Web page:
South Korea urged to restore trust in nuclear power
SEOUL (Reuters) - South Korea needs to rebuild public trust in nuclear power by boosting transparency and improving regulation, the International Energy Agency (IEA) said on Friday, after safety scares have closed reactors and threaten to trigger blackouts over winter.
Asia's fourth-largest economy lacks its own energy resources and depends heavily on oil and gas imports while 23 nuclear reactors usually supply a third of its power. The country plans to add 11 more by 2024.
But the nuclear sector has suffered a big blow after an investigation into fake safety documents for parts led to two reactors being shut and after an extended shutdown of another reactor where microscopic cracks were found.
Unveiling a report on South Korea's energy policies, the IEA backed the country's nuclear programme, but said more needed to be done to restore faith in a sector also facing greater global scrutiny after last year's Fukushima nuclear disaster in Japan.
"Given the growing demand for energy and Korea's lack of indigenous energy resources, this is a logical policy," Maria van der Hoeven, the IEA's executive director, said in a statement.
"Nonetheless, recent incidents at Korean nuclear facilities should serve as a timely reminder to the government that the nuclear regulatory authority must maintain an enhanced profile, be well-resourced and able to take independent decisions."
The IEA, which advises industrialized nations and represents 28 oil importing countries, last released a report in South Korea in 2006.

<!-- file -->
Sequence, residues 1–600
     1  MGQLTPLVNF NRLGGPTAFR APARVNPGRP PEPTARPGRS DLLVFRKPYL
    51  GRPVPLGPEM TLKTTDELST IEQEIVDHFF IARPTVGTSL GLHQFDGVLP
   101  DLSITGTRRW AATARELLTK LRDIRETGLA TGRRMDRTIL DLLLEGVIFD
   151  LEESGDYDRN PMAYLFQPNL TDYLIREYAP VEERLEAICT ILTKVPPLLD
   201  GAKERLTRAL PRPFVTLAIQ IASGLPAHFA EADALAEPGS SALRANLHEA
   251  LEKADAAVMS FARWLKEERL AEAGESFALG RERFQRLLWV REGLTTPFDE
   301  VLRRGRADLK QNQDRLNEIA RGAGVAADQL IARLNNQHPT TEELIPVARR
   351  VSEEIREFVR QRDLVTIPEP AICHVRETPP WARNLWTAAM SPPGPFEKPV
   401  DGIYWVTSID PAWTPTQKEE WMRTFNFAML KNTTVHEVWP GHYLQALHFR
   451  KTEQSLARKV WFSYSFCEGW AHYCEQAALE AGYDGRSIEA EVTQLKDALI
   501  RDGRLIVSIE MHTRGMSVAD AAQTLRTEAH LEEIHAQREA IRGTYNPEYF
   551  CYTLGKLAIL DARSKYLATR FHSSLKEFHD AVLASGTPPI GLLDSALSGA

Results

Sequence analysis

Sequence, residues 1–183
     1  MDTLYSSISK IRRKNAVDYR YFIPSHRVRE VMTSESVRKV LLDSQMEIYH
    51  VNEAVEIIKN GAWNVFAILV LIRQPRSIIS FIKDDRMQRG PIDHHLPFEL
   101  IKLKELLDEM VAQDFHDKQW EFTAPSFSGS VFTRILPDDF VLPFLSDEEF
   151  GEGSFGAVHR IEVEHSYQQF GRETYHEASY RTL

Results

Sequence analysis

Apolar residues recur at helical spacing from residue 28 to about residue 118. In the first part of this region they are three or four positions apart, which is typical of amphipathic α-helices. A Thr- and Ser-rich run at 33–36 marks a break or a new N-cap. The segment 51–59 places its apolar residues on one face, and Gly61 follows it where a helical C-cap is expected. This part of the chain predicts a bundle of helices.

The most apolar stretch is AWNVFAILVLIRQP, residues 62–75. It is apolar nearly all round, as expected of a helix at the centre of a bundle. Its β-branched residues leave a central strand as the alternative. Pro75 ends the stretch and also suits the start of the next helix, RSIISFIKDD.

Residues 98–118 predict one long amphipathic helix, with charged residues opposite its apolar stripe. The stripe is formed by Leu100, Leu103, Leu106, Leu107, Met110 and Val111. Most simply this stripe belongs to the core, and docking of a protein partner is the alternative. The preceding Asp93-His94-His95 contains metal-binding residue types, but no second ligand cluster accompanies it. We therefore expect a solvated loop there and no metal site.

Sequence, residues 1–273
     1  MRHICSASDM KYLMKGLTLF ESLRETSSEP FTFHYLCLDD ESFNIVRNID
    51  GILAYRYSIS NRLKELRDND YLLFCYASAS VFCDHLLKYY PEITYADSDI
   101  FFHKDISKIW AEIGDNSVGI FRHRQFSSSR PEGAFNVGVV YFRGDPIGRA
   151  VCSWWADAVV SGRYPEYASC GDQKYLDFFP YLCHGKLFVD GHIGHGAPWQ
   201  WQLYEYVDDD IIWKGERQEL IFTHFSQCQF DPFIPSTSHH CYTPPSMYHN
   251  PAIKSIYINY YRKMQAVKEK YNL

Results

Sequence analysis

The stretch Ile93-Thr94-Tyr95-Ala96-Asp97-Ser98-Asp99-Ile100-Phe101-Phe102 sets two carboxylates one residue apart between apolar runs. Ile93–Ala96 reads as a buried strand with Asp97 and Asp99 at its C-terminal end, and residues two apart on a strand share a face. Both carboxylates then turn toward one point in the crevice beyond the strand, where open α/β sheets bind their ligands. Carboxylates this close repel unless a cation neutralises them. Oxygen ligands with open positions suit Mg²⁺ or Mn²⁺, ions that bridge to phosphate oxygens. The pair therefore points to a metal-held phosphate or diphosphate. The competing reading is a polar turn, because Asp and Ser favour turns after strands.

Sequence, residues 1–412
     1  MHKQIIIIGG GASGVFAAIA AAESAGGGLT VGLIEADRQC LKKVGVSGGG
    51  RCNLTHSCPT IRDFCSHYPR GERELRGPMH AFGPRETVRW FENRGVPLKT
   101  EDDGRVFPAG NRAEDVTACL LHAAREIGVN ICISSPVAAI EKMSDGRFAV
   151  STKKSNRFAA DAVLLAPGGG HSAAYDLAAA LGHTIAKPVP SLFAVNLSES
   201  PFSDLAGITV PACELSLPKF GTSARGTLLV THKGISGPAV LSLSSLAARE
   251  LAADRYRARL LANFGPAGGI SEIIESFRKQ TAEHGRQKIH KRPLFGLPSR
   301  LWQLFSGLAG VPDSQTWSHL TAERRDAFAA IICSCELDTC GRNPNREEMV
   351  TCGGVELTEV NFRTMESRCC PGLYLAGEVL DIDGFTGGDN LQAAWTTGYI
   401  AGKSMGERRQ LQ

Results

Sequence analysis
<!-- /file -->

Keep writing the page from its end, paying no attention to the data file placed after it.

There is a lot at stake for South Korea, which also wants to play a growing role in the global nuclear industry, and aims to export 80 nuclear reactors by 2030, which could be worth a total of $300 billion, according to government plans. A $20 billion deal with the United Arab Emirates has already been signed.
Van der Hoeven said the government needed to openly deal with concerns of local communities hosting nuclear facilities.
The South Korean government has been criticised for a lack of transparency over safety in its nuclear programme and for the dual supervisory and promotion roles of its regulators.
The country's public is traditionally seen as pro-nuclear, although an opposition lawmaker has pressed the government to resume publishing polls on nuclear safety after a loss of public confidence in the sector in the wake of Fukushima.
MORE COMPETITION FOR POWER, GAS
Highlighting the vulnerability of its energy sector, South Korea has warned it may have to bring in rolling power blackouts during the harsh Korean winter due to a lack of nuclear power.
Six reactors are currently offline, with one restarting earlier this week, according to government data.
Van der Hoeven said the country needed to increase competition in its power and gas markets.
"The lack of a clear, long-term vision for electricity and natural gas markets is one of the greatest energy-policy challenges facing the Korean government," she said.
"The IEA strongly urges the Korean government to establish a framework that allows the development of effective competition in the electricity and natural gas markets."
South Korea is the world's fifth-largest crude oil importer and second-largest liquefied natural gas (LNG) buyer.
More consumers should be given the choice of buying gas at market prices from other sources and not just from state-run Korea Gas Corp (KOGAS), the world's largest corporate buyer of LNG and the country's sole gas wholesaler, South Korea's economy ministry quoted the IEA's full report as saying.
"Energy markets are dominated by incumbents and have been slow to open up to competition while consumers face the threat of electricity supply shortfalls."
Another state-run utility, Korea Electric Power Corp (KEPCO), is the sole electricity transmitter and distributor, buying from six fully-owned power generators.
Both KOGAS and KEPCO are suffering billions of dollars of losses as the government tries to hold down power charges to curb inflation.
(Additional reporting by Somang Yang and Jane Chung; Editing by Anthony Barker and Ed Davies)
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